You’re familiar with food combinations. There are time-tested classics like macaroni and cheese, peanut butter and jelly, and spaghetti and meatballs that everyone knows and many love. These combos are often prompted and propagated by the favorable flavors created when the foods are melded. There is, however, a growing database of knowledge about a new way to combine foods: mixing foods to get the most nutrients.
It’s a simple concept — beneficial food pairing, that is — and anyone who considers healthy eating their bag should in turn consider some nutritious food pairing options. When looking to do this, it’s important to know which vitamins and minerals are in the food you’re eating. Read the examples below and you’ll see why.
Avocado and Kale
Certain vitamins are fat-soluble, rendering them easily absorbed when paired with fat. Vitamins A, D, E, and K are fat-soluble, making pairs like sweet potatoes with olive oil and avocado on a bed of kale (vitamin K) perfect for nutrient absorption.
Black Pepper and Turmeric
Turmeric, a miraculous spice in itself, is a great anti-inflammatory. This is because it includes curcumin. When turmeric is ingested with black pepper, the potency of curcumin increases and is more readily absorbed by the body.
Chicken and Brussels Sprouts
Sulforaphanes, take Brussels sprouts as an example, act as antioxidants. Selenium is also an antioxidant and can be found in foods like poultry, Brazil nuts, and mushrooms. When paired, sulforaphanes and selenium have an incredibly high level of antioxidants.
Eggs and Broccoli
Vitamin D, found in the yolks of eggs and beef liver, helps your body to absorb calcium. Calcium, the well-known bone bolstering mineral, can be found in dairy products, and broccoli is another lesser known calcium-rich food. Go ahead and make yourself a broccoli and cheese omelet if you want strong bones.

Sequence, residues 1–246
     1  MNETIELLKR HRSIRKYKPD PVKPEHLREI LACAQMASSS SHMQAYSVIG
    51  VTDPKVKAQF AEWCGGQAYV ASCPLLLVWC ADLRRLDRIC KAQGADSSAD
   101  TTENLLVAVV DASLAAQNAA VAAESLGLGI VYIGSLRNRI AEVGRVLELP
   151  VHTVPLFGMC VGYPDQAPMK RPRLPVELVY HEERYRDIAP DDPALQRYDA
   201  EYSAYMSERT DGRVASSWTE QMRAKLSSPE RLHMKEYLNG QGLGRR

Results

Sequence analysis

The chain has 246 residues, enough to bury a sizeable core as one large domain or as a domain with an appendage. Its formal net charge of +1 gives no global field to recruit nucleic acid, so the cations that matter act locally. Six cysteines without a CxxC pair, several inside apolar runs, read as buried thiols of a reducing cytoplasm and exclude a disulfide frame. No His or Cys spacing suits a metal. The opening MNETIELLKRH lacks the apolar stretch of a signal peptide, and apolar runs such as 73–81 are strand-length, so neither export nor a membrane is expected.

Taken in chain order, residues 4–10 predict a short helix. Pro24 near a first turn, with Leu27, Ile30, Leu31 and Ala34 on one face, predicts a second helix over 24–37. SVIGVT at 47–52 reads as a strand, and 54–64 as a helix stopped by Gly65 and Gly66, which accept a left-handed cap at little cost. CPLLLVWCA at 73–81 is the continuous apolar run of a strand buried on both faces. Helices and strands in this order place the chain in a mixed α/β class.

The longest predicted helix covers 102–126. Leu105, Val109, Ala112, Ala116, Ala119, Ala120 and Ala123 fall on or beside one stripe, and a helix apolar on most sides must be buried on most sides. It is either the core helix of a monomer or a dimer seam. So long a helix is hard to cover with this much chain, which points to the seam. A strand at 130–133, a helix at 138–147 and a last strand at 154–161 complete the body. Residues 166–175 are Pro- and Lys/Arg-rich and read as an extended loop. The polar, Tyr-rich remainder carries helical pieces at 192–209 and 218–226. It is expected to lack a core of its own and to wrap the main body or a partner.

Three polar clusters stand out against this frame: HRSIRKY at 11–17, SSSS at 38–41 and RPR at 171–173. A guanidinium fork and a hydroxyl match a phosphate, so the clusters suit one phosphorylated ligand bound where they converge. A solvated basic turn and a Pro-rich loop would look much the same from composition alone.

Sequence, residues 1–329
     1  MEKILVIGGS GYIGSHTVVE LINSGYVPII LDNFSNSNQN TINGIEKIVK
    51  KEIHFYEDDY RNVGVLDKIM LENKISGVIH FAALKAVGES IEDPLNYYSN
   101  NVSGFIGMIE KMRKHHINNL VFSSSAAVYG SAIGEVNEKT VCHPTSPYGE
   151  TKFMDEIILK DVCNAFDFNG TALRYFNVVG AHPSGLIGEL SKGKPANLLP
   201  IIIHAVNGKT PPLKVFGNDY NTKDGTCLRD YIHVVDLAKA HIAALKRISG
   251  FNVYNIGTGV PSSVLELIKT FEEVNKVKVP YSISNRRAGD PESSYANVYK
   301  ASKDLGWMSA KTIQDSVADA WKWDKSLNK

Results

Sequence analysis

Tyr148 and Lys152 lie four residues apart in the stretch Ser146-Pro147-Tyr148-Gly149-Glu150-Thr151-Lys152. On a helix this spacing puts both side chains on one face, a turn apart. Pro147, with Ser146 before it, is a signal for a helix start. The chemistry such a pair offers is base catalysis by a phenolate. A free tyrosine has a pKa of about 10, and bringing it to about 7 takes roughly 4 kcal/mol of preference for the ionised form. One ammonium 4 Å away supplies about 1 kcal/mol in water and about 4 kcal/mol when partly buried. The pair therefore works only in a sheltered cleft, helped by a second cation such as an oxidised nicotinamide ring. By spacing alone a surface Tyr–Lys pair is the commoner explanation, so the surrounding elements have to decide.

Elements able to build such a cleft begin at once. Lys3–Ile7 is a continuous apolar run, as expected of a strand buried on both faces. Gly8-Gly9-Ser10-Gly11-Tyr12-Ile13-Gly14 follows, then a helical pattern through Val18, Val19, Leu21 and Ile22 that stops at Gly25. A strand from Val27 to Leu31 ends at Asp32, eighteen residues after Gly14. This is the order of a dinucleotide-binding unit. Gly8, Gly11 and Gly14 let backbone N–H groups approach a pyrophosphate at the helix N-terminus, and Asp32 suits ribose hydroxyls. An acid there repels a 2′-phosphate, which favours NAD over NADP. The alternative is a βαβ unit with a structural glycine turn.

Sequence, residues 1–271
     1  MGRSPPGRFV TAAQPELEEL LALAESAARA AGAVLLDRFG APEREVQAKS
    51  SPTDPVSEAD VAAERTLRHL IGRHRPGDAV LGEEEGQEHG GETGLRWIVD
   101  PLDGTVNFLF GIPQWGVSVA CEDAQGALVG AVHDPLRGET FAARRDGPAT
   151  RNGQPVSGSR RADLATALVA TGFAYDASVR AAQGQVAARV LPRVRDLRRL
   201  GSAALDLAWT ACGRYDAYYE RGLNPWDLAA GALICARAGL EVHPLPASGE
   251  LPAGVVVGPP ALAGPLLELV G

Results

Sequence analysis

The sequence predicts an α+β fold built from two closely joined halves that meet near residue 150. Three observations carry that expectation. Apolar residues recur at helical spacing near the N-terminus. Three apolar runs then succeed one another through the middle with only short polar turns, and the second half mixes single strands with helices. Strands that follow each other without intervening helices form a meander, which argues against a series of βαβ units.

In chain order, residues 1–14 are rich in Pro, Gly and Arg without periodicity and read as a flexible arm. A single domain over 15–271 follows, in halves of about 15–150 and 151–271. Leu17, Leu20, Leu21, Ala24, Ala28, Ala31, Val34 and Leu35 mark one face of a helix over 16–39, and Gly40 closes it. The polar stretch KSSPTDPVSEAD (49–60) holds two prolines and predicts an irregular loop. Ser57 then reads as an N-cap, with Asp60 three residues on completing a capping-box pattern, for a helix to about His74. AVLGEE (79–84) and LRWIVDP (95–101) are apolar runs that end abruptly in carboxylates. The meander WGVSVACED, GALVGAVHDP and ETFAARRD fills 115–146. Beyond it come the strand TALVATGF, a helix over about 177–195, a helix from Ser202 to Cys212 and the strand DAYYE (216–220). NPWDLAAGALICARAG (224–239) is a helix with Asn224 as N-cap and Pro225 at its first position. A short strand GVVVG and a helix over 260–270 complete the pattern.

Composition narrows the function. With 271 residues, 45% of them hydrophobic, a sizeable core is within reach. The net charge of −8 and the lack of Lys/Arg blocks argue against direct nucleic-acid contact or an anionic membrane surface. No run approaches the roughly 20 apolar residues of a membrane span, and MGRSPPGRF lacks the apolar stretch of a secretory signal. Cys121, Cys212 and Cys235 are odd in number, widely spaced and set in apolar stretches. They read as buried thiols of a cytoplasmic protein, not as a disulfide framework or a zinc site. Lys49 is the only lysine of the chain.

Greek Yogurt and Bananas
Potassium and protein are the perfect combination when it comes to replenishing amino acid stores lost during exercise and repairing tired muscles. Thus, a food like a banana that is rich in potassium pairs perfectly with a protein-rich food such as Greek yogurt.
Oranges and Spinach
For anyone who doesn’t eat meat, iron can be hard to come by. While plants do contain a form of iron, it isn’t as bioavailable as the iron contained in animal meat. When a plant-based iron is paired with vitamin C, however, it is much more readily absorbed. Try mixing citrus fruits with spinach or tossing some strawberries in your oatmeal to get the most out of your iron consumption.
The accompanying slideshow is provided by special contributor Bridget Creel.